Investing.com– Most Asian currencies moved little on Friday, but stemmed some recent losses as the dollar came off 10-month highs and Treasury yields stalled before key U.S. inflation data due later in the day.
Regional currencies were battered by a spike in the dollar and Treasury yields this week, after hawkish signals from the Federal Reserve ramped up concerns that U.S. interest rates will remain higher for longer.
A spike in yields also pushed up concerns over a looming recession, given that a sell-off in the bond market usually heralds such an event. Benchmark were at their highest since 2007.
Most risk-heavy assets logged steep losses this week, while the prospect of higher U.S. rates weighed heavily on Asian currencies, as the gap between risky and low-risk yields narrowed.
Market holidays in China and South Korea kept regional trading volumes somewhat limited on Friday.
The firmed slightly, while the added 0.1%.
The rose 0.1% after recovering from near record lows in overnight trade. Losses in oil prices also took some pressure off the rupee. An from the Reserve Bank of India, due next week, was in focus.
The was the best performer for the day, rising 0.6% as it recovered from a 10-month low hit this week. Signs of some improvement in , after a slump earlier this year, spurred some flows into the Aussie.
Markets were also awaiting a next week- the first meeting under new governor Michele Bullock.
Yen weakens after soft inflation, intervention in sight
The hovered above 149 to the dollar, after softer-than-expected dented some expectations that the Bank of Japan will move away from its negative interest rate regime.
Other indicators also painted a mixed picture of Japan’s economy. The unexpectedly rose in August, while did not shrink as expected. grew past expectations in the month.
Markets were focused squarely on any measures by the Japanese government to support the yen, after government officials offered up a series of warnings on betting against the currency.
The yen traded at 10-month lows, and was just a few points shy of levels that had spurred record levels of government intervention in currency markets last year.
Dollar pulls back from 10-mth high, PCE inflation in focus
The and both fell 0.2% in Asian trade, pulling back slightly from a 10-month high.
Markets were now focused squarely on a reading- the Fed’s preferred inflation gauge- due later in the day, to see whether the central bank had enough impetus to carry out its hawkish outlook.
The bank had warned last week that sticky inflation was likely to elicit one more rate hike this year, and fewer rate cuts in 2024. Such a scenario bodes poorly for Asian currencies.
Beyond the U.S., European was also due on Friday. The rose 0.2% against the dollar in Asian trade.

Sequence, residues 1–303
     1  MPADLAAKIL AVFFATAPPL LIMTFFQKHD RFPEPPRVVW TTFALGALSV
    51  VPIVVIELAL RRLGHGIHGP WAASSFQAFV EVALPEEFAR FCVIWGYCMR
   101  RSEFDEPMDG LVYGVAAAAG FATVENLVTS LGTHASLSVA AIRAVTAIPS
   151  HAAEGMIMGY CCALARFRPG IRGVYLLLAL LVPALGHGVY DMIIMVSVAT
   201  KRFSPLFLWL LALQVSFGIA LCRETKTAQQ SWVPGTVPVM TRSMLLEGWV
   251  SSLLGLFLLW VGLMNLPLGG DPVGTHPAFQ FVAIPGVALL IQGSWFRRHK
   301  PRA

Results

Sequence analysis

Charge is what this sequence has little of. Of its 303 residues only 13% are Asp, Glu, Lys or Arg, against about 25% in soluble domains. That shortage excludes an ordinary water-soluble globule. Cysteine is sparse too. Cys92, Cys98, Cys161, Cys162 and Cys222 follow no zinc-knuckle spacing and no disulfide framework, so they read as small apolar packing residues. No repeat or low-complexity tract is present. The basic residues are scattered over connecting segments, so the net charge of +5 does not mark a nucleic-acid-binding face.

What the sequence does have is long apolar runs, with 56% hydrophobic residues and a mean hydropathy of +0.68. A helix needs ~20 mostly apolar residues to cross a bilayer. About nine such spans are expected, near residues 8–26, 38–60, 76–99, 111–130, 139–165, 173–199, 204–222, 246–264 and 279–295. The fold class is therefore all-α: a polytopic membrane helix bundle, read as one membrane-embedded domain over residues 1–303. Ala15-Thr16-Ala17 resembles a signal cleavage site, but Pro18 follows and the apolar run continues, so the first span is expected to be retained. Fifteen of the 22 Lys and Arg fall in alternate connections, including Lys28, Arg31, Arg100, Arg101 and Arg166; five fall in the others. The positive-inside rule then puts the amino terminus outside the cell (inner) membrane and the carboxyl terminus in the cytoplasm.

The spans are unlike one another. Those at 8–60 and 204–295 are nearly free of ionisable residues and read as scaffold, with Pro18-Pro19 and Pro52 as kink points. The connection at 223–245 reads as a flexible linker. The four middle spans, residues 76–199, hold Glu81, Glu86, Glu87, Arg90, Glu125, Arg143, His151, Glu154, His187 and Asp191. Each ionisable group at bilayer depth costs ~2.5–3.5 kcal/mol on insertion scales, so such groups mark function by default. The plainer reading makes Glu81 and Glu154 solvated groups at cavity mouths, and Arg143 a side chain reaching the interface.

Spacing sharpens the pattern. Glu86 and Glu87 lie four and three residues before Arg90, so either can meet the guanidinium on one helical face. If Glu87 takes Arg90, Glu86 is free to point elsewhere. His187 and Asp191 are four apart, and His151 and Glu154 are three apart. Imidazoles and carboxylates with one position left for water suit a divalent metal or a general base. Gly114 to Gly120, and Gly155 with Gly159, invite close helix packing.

China’s state banks seen supporting yuan as Moody’s cuts outlook – sources
© Reuters. FILE PHOTO: U.S. Dollar and Chinese Yuan banknotes are seen in this illustration taken January 30, 2023. REUTERS/Dado Ruvic/Illustration/File Photo
SHANGHAI (Reuters) -China’s major state-owned banks were busy buying the yuan in currency markets on Tuesday to prevent it from weakening too much, two sources with knowledge of the matter said, with buying intensifying after rating agency Moody’s (NYSE:) cut China’s outlook to negative in the afternoon.
State banks were spotted swapping yuan for U.S. dollars in the onshore swap market and quickly selling those dollars in the spot market to support the yuan throughout the whole trading session, the sources said.
But the banks’ dollar selling became very forceful after the Moody’s statement, one source said.
China state banks have in the past year often sold dollars to slow the yuan’s decline against the U.S. dollar. Markets have often seen the moves as a sign of official attempts to relieve pressure on the currency, though banks could also be trading for their own accounts.
Moody’s on Tuesday cut its outlook on China’s government credit ratings to negative from stable, citing expectations of lower medium-term economic growth and risks from a deep correction in the country’s vast property sector.
With China’s economy sputtering and the U.S. dollar surging until recently, the yuan has had a volatile year, having weakened 6.14% to the dollar at one point before giving back much of the losses on recent views that U.S. interest rates have peaked.
The yuan strengthened 2.55% in November, its best month this year, but it is still down 3% year-to-date.
However, some analysts said the impact on the yuan from the Moody’s decision will not be sustainable.
“The issues plaguing the property sector are not new,” said Khoon Goh, head of Asia research at ANZ.
“The steps taken by the authorities recently should see a bottom soon. The upcoming U.S. data will be more important for the near-term direction of the yuan,” Goh said, referring to a spate of government measures to revive the real estate market.
Dollar finds foothold ahead of jobs opening, services PMI data
Investing.com – The U.S. dollar stabilized in early European trade Tuesday, near a one-week high, as traders scaled back dovish Federal Reserve bets ahead of key economic data releases.